Obesity: It’s Complicated-A Photo Essay

June 4, 2014

Obesity increases the risk of heart disease, stroke, hypertension, diabetes, and cancer, and it is associated with an array of complications, as the following cases attest.

Case 1:

This obese 18-year-old has had a brown, scaly rash for 4 years. The rash spread from his neck, where it initially developed, to his chest and back. It is asymptomatic but of significant concern. His obesity has been an issue since early childhood. A skin biopsy specimen showed papillomatosis, acanthosis, and increased melanin. The rash’s morphological similarity to acanthosis nigricans and the history of obesity suggest confluent and reticulated papillomatosis.

From researchers’ attempts to define the cause of confluent and reticulated papillomatosis, the following basic themes have emerged:

• Endocrine-the association with obesity and puberty and the morphological similarity of the rash to acanthosis nigricans suggests diabetes as the cause.

• Musculoskeletal-the nature of the primary papules suggests a disturbance of keratinization.

• Infectious-the location and morphology of the rash suggest an exaggerated response to Pityrosporum ovale, the infectious organism responsible for tinea versicolor.

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Case 2:

This obese patient presented with widespread, almost confluent psoriasis with intense itching. His obesity suggests concomitant metabolic syndrome. Appropriate blood tests include fasting glucose, hemoglobin A1c, triglycerides, and cholesterol. About 80% of psoriasis cases can be managed with topical medication, but the widespread nature in this case precludes topical therapy. A biologic drug would be a good choice.

Case courtesy of Ted Rosen, MD

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Case 3:

The multiple, symmetrically distributed, soft, nontender swellings on the shoulders and torso of a 56-year-old Hispanic man are characteristic of multiple symmetric lipomatosis (MSL). The painless unencapsulated lipomas are most often located in the subcutaneous tissue of the cervical, deltoid, thoracic, abdominal, and lumbar regions. Because of the symmetry of the masses, the condition is often mistaken for obesity.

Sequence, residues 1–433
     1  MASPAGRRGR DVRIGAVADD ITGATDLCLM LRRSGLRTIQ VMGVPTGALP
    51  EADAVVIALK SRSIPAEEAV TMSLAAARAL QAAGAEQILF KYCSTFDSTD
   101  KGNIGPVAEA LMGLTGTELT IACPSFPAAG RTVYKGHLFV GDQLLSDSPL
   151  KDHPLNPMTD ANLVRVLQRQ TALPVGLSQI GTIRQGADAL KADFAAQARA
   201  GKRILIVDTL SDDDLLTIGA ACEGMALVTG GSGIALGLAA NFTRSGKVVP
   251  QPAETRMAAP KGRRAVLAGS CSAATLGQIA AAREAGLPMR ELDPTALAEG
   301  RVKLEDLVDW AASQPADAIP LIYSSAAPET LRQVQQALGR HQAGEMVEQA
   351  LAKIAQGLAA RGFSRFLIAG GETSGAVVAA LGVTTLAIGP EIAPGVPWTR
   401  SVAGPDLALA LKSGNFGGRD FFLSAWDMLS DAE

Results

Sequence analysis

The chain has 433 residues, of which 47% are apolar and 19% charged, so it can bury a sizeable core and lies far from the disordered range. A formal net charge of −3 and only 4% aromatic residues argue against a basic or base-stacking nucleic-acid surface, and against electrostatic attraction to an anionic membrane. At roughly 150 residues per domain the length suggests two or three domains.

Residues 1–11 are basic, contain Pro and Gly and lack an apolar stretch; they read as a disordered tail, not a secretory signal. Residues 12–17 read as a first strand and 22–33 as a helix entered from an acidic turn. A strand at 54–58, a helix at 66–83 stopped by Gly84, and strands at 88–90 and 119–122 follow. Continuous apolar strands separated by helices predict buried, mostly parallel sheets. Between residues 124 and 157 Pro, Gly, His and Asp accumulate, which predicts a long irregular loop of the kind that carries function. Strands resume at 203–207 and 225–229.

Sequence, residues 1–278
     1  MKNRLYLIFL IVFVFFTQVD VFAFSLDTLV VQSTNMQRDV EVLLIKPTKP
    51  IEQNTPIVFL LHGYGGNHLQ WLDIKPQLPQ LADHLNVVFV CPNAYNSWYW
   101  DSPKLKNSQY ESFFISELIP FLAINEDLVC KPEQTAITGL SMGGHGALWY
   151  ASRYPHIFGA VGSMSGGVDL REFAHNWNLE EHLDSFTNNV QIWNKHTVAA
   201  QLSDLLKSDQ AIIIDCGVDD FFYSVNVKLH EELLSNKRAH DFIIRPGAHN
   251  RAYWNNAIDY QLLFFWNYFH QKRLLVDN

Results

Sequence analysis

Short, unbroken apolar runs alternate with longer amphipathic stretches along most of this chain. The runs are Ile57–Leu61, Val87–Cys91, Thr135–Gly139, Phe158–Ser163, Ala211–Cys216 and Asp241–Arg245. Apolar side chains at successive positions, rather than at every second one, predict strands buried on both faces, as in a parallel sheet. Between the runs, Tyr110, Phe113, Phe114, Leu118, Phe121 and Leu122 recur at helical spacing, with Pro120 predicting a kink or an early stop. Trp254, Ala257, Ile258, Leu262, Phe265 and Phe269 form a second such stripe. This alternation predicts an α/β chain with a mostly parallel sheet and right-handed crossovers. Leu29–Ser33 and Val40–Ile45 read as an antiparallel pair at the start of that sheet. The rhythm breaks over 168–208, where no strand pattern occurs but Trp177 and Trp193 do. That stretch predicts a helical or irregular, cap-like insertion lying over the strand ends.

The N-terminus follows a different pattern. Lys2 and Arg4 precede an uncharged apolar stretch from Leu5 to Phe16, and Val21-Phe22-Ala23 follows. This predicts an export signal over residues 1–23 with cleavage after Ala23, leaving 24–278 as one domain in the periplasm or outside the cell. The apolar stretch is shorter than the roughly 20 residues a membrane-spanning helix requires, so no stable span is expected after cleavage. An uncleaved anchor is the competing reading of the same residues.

Excessive ethanol intake, especially red wine, is often associated with MSL. Other associations are increased blood pressure, dyslipidemia, gout, and decreased insulin sensitivity leading to impaired glucose tolerance or sometimes frank diabetes. MSL must be distinguished from other forms of fatty tumor deposition in the subcutaneous tissues. Of these, Dercum disease, which primarily affects obese postmenopausal women and consists of painful fatty tumors, is the most important.

Case courtesy of Umer Feroze Malik, MD and Sheela Kapre, MD

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Case 4:

The patient has hyperkeratosis, one of the most common disorders of the feet and particularly common in obese persons. Mechanical forces and hereditary factors contribute to its development. Thickening of the outermost layer of the epidermis occurs over sites that experience increased pressure or friction. Urea 40% cream is helpful.

Image courtesy of Noah S. Scheinfeld, MD, JD

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Case 5:

A 34-year-old morbidly obese man had multiple lesions on both feet that appeared rather rapidly. A review of systems disclosed polyphagia, polydipsia, and polyuria. About 70% to 80% of patients with his condition have diabetes mellitus, although it develops in only 0.3% of patients with diabetes. The lesions were composed of yellowish, firm plaques with large telangiectasia coursing over the top. There was no associated scaling. This is the typical morphology for necrobiosis lipoidica, which favors the feet and forelegs. Potent topical or intralesional corticosteroids may make the lesions disappear. Refractory plaques may respond to oral administration of pentoxifylline.

Case courtesy of Ted Rosen, MD

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Case 6:

A 57-year-old obese woman with known and poorly controlled type 2 diabetes mellitus presented with the sudden onset of “yellow bumps all over.” Representative lesions on the back are shown. This history and clinical picture are nearly pathognomonic for eruptive xanthomas. Such lesions typically erupt as crops of small, red-yellow papules, most often on the buttocks, shoulders, arms, and legs and may be tender or pruritic. Xanthomas are a sign of primary or secondary hypertrigliceridemia.

If the patient is not already known to have diabetes, glucose intolerance should be strongly suspected and investigated, because most cases of xanthoma are seen in conjunction with diabetes.

Case courtesy of Ted Rosen, MD


For the discussion, click here.